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The Impact of Repealing Sunday Closing Laws on Educational Attainment

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  • Dara N. Lee

Abstract

Adolescents face daily tradeoffs between human capital investment, labor, and leisure. This paper exploits state variation in the repeal of Sunday closing laws to examine the impact of a distinct and plausibly exogenous rise in the quantity of competing diversions available to youth on their educational attainment. The results suggest that the repeals led to a significant decline in both years of education and the probability of high school completion. I explore increased employment and risky behaviors as potential mechanisms. Further, I find a corresponding decline of the repeals on adult wages.

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File URL: http://jhr.uwpress.org/cgi/reprint/48/2/286
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Bibliographic Info

Article provided by University of Wisconsin Press in its journal Journal of Human Resources.

Volume (Year): 48 (2013)
Issue (Month): 2 ()
Pages: 286-310

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Handle: RePEc:uwp:jhriss:v:48:y:2013:ii:1:p:286-310

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  1. Heckman, James J. & LaFontaine, Paul A., 2007. "The American High School Graduation Rate: Trends and Levels," IZA Discussion Papers 3216, Institute for the Study of Labor (IZA).
  2. Kelly Bedard & Elizabeth Dhuey, 2006. "The Persistence of Early Childhood Maturity: International Evidence of Long-Run Age Effects," The Quarterly Journal of Economics, MIT Press, vol. 121(4), pages 1437-1472, November.
  3. Jenkins, Stephen P. & Osberg, Lars, 2003. "Nobody to play with? The implications of leisure coordination," ISER Working Paper Series 2003-19, Institute for Social and Economic Research.
  4. Sarah Brown & Karl Taylor, 2003. "Religion and Education: Evidence from the National Child Development Study," Discussion Papers in Economics 03/16, Department of Economics, University of Leicester.
  5. Pinka Chatterji, 2006. "Illicit drug use and educational attainment," Health Economics, John Wiley & Sons, Ltd., vol. 15(5), pages 489-511.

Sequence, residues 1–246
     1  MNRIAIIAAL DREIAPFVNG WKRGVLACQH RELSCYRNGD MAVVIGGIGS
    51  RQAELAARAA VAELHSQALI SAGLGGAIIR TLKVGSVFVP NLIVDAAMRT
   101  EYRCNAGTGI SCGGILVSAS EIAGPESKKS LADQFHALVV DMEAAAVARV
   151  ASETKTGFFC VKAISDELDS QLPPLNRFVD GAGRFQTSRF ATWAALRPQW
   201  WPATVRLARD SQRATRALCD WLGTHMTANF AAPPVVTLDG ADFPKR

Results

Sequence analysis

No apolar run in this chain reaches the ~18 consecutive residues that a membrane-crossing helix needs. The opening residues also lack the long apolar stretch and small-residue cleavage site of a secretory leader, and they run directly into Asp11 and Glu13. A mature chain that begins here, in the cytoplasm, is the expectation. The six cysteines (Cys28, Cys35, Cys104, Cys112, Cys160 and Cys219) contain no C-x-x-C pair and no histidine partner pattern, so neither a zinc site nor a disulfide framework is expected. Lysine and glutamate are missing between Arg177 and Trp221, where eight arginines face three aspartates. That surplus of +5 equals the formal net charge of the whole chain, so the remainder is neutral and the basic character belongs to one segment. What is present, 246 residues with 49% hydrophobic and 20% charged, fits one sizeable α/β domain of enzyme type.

6. Ruhm, Christopher J, 1997. "Is High School Employment Consumption or Investment?," Journal of Labor Economics, University of Chicago Press, vol. 15(4), pages 735-76, October.
  7. Elizabeth U. Cascio, 2009. "Do Investments in Universal Early Education Pay Off? Long-term Effects of Introducing Kindergartens into Public Schools," NBER Working Papers 14951, National Bureau of Economic Research, Inc.
  8. Jonathan Gruber & Daniel M. Hungerman, 2006. "The Church vs the Mall: What Happens When Religion Faces Increased Secular Competition?," NBER Working Papers 12410, National Bureau of Economic Research, Inc.
  9. Lahav, Eyal & Benzion, Uri & Shavit, Tal, 2010. "Subjective time discount rates among teenagers and adults: Evidence from Israel," Journal of Behavioral and Experimental Economics (formerly The Journal of Socio-Economics), Elsevier, vol. 39(4), pages 458-465, August.
  10. Gerald S. Oettinger, 1999. "Does high school employment affect high school academic performance?," Industrial and Labor Relations Review, ILR Review, Cornell University, ILR School, vol. 53(1), pages 136-151, October.
  11. Alan Gerber & Jonathan Gruber & Daniel M. Hungerman, 2008. "Does Church Attendance Cause People to Vote? Using Blue Laws' Repeal to Estimate the Effect of Religiosity on Voter Turnout," NBER Working Papers 14303, National Bureau of Economic Research, Inc.
  12. Cook, Philip J. & Moore, Michael J., 1993. "Drinking and schooling," Journal of Health Economics, Elsevier, vol. 12(4), pages 411-429, December.
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Cited by:
  1. Daniel M. Hungerman, 2011. "Substitution and Stigma: Evidence on Religious Competition from the Catholic Sex-Abuse Scandal," NBER Working Papers 17589, National Bureau of Economic Research, Inc.
  2. Cohen-Zada, Danny & Sander, William, 2010. "Religious Participation versus Shopping: What Makes People Happier?," IZA Discussion Papers 5198, Institute for the Study of Labor (IZA).

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